42. Insert web link
  43. Set web ID
  44. Insert Anchor
  45. Insert File link
  46. Insert Snippet
  47. Insert Image
  48. Insert Guido music notation
  49. Undo your last action
  50. Redo your last action
  51. Select All
  52. Print
  53. Clean up HTML
  54. Paste as Plain text
  55. Clear inline font specifications
  56. Remove formatting
  57. Filter
  58. Split block
  59. Direction Left to Right
  60. Direction Right to Left
  61. Toggle HTML Source
  62. Spell Check
  63. Smart replace
  64. Quick Tag editor
  65. Edit HTML for selected text
  66. Help using Editor
  67. About this Editor
  68. Definition list
  69. Definition term
  70. Definition description
  71. Insert Form
  72. Insert a text password or hidden field
  73. Insert a multiline text field
  74. Insert a select field
  75. Insert a check box
  76. Insert a radio button
  77. Insert a submit or ok button
  78. Form
  79. Text Area
  80. Selection Field
  81. Check box
  82. Radio button
  83. Text field
  84. Password field
  85. File field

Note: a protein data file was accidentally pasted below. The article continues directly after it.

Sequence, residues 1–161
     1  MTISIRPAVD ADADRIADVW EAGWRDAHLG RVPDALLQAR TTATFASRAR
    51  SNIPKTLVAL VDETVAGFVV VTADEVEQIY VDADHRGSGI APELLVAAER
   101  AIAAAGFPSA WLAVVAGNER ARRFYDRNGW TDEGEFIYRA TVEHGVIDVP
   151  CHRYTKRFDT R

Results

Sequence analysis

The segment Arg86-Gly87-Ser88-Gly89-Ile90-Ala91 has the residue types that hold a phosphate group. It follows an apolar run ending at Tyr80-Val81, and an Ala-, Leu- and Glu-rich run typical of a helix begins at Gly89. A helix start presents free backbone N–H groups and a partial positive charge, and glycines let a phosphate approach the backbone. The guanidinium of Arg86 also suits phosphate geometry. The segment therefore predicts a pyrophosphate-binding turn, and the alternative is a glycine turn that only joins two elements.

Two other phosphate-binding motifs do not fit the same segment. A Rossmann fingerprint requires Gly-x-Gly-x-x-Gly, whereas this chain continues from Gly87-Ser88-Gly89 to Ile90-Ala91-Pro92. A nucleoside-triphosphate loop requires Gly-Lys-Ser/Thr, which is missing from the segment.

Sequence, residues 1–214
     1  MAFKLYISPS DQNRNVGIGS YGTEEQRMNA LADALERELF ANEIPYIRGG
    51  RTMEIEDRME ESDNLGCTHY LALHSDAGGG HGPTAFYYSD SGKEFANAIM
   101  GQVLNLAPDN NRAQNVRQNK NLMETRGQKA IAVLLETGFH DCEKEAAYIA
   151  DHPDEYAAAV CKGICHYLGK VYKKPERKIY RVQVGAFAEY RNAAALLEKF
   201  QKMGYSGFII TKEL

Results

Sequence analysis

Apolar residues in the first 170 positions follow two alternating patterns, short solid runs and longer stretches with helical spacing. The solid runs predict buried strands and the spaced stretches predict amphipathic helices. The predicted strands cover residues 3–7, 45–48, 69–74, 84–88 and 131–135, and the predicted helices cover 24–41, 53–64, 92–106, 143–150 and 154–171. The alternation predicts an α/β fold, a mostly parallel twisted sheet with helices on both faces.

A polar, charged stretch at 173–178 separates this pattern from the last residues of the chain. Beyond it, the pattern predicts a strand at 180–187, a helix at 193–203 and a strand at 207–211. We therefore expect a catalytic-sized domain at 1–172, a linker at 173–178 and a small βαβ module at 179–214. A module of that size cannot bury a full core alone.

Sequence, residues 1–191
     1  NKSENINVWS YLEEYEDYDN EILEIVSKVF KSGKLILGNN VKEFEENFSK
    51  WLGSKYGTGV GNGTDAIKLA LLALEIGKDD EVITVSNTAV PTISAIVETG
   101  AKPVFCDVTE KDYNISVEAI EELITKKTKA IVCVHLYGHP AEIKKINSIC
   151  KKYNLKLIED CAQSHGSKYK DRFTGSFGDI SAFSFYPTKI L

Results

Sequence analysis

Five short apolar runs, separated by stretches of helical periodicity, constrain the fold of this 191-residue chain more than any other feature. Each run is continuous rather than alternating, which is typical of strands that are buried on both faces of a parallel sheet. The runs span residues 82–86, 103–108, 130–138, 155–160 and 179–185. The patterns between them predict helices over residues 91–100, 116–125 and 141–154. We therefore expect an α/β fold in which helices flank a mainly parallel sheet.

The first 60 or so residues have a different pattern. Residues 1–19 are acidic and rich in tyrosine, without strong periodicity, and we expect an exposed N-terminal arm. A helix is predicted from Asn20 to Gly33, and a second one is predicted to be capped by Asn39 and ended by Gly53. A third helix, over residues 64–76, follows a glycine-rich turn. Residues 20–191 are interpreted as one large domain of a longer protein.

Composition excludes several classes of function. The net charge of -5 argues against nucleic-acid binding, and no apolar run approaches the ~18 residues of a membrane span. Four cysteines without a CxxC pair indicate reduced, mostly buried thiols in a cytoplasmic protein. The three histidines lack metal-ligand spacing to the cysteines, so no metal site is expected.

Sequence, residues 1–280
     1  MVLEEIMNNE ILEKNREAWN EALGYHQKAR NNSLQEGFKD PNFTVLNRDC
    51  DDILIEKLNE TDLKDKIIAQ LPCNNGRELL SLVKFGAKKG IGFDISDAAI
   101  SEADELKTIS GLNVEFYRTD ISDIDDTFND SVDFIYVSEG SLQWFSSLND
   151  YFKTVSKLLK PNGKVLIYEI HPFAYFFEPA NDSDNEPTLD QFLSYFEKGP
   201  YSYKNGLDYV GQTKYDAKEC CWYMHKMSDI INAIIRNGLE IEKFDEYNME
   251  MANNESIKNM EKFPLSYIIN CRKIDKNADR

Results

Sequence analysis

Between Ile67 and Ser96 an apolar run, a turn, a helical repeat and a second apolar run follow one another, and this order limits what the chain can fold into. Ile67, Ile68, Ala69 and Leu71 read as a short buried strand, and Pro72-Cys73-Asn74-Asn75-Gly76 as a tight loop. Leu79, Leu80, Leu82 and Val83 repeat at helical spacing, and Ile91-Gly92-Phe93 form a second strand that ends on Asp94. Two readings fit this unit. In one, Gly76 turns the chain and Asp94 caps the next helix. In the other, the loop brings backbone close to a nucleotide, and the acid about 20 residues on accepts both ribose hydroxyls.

86. Button
  87. Submit Button
  88. Reset Button
  89. Image Button
  90. Hidden Field
  91. Label
  92. Field Set
  93. Insert Table
  94. Toggle Borders
  95. Table Properties
  96. Row Properties
  97. Insert Row Before
  98. Insert Row After
  99. Delete Row
  100. Split Row
  101. Insert Col Before
  102. Insert Col After
  103. Delete Col
  104. Split Col

Clearly this is an overwhelming experience! Where does one start? The need to simplify and customize are apparent here. There are ways to simplify without really loosing functionality. Here are some attempts to do so:

xinha details

 

[This isn't a great way to convey the overwhelming experience!  Make the audience FEEL it, don't just TELL them about it.  Seriously, I'd recommend presenting this whole thing in a more visual way where you can really take advantage of the format to convey just how scary it really is.  The goal is to call the reader's attention to what's really going on in his head when he SEES xinha.  Maybe think about jumbling the words together in a five-column layout .. or putting them in a "legend" on the screenshot itself, complete with (overwhelming, impossible to digest) color keys for each, or (cluttering, difficult to trace) red arrows linking the explanatory text to each button.]